Alexandre Lehmann: Well, funny enough that was Mark regurgitating the plot points to a fictional Kung-Fu film that we created for this film called “death punch”. Ray knew a little about the film and just did a bit of “yes-and” making for a very meta performance.
Screen Rant: speaking of meta is there anything we, as an audience can expect from this film like an epilogue much like how you treated Asperger’s Are Us?
Alexandre Lehmann: I'm just waiting for a million people to send ninja stars to Netflix. Just ninja stars that say “Death Punch” on it [paper or metal; your choice], then they’ll ask me to make the Death Punch in its entirety. That would serve as the proper epilogue for this film. [being 100 percent honest] I just want to make Death Punch. Those movies [Wu shot sub-genere in Kung-fu] they really are Duplas bro-mancy movie attributes to them. Yes; there’s the master and the student. And ninja stars being thrown. But they get real, there’s some real introspective heart felt stuff going on there.
Screen Rant: How were you able to seamlessly navigate such powerful and almost polarizing subjects like terminal illness and assisted suicide while still giving us such high peeks of levity?
Alexandre Lehmann: I mean, there’s nothing funny about death, there's nothing funny about assisted suicide, there’ certainly nothing funny about terminal illness. There’s only a couple ways to handle really difficult things in life; we can get irrationally angry, you can shut down, or [you know] we can refer to comedy, we can choose to laugh at the absurdity of things or at the pain of things. And that seems to be the best coping mechanism and the most relatable. It’s treating the issues genuinely and seeing how difficult cancer/death can be in anyone's life and at the same time being able to laugh at how crazy and unpredictable life is and remembering to celebrate the good things and not being ravaged by the bad.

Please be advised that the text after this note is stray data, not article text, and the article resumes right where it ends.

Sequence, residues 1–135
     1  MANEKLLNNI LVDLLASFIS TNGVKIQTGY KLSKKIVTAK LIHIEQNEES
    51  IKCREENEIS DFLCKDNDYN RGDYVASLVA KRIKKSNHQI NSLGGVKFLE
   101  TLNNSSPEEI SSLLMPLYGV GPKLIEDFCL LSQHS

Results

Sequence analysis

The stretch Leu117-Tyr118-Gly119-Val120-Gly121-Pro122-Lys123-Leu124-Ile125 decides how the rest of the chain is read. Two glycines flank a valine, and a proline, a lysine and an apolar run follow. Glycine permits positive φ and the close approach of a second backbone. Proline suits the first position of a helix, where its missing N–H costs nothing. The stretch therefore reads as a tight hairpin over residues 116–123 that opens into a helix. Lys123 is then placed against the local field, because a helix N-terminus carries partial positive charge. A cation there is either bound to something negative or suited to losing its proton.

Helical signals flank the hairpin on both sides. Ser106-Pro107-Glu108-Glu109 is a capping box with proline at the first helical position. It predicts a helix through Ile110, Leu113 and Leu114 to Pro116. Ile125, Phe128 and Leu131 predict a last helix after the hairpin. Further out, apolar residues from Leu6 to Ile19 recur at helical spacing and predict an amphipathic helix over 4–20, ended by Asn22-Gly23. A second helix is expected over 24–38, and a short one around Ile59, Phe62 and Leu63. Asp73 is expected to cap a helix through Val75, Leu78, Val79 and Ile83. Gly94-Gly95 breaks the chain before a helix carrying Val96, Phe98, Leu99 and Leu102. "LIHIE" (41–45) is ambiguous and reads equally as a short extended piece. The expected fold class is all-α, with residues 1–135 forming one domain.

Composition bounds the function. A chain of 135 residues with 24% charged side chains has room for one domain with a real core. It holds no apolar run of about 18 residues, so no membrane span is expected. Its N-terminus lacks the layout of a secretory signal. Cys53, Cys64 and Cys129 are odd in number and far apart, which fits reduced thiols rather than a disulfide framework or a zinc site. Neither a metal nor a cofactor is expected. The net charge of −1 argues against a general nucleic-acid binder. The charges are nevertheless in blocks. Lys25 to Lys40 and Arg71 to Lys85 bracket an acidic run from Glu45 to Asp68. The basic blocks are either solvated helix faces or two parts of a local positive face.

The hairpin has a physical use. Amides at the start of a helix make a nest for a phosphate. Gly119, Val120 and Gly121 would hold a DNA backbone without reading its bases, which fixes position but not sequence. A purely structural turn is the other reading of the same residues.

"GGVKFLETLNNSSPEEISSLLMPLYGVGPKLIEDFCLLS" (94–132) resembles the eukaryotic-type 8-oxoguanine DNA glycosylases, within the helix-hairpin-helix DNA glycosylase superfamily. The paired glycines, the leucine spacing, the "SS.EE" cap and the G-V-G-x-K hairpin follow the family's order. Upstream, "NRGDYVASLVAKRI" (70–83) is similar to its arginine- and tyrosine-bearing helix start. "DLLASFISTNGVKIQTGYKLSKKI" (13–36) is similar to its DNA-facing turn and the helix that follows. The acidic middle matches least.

Screen Rant: At the ore of this film it was about two single men whose lives become inexplicably entangled and a platonic bro-mance develops. Is there any relation in your life to that dynamic that was captured in the film?
Alexandre Lehmann: Oh yeah, for sure. I’ve got one friend that I used to see all the time [everyday] when we were living one on top of the other in an apartment complex. We will be best friends until the very end. There are a couple of guys I love so much that I just want to share so many experience with and I feel so lucky to. [It’s funny because] In a couple of interviews its been the topic of masculinity, what about this version of masculinity and toxic masculinity. Being honest I’m not smart enough to speak on that and what masculinity should be or how to redefine it. All I can say is Michael and Andy, I have that relationship in real life and nobody ever told us we shouldn’t or weren't allowed to. And it happens to be that those relationships mean the world to me so of course I want to celebrate that. [to be honest] I forget sometimes that it is weird to some people to have a relationship like that at my age. I see it as a no-brainer. Any of us would be lucky to have a relationship like Michael and Andy, to be so understood and be able to live in such simplicity while you have everything you need in the world. [I mean] Nobody would need social media if they had a Michael and Andy dynamic. You wouldn’t need that validation form anywhere else. You would just feel like you belong.
Paddleton is now on Netflix.